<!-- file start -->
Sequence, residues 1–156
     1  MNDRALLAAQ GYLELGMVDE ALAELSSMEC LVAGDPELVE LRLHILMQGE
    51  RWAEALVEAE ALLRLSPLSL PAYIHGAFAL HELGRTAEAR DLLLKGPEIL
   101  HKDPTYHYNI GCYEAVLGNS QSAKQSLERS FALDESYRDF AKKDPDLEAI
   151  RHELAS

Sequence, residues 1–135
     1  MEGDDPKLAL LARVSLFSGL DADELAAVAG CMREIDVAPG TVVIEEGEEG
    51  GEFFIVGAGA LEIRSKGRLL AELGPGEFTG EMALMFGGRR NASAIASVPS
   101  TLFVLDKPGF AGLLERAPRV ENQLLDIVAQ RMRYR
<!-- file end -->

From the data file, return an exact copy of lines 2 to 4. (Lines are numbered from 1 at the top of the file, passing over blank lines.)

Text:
     1  MNDRALLAAQ GYLELGMVDE ALAELSSMEC LVAGDPELVE LRLHILMQGE
    51  RWAEALVEAE ALLRLSPLSL PAYIHGAFAL HELGRTAEAR DLLLKGPEIL
   101  HKDPTYHYNI GCYEAVLGNS QSAKQSLERS FALDESYRDF AKKDPDLEAI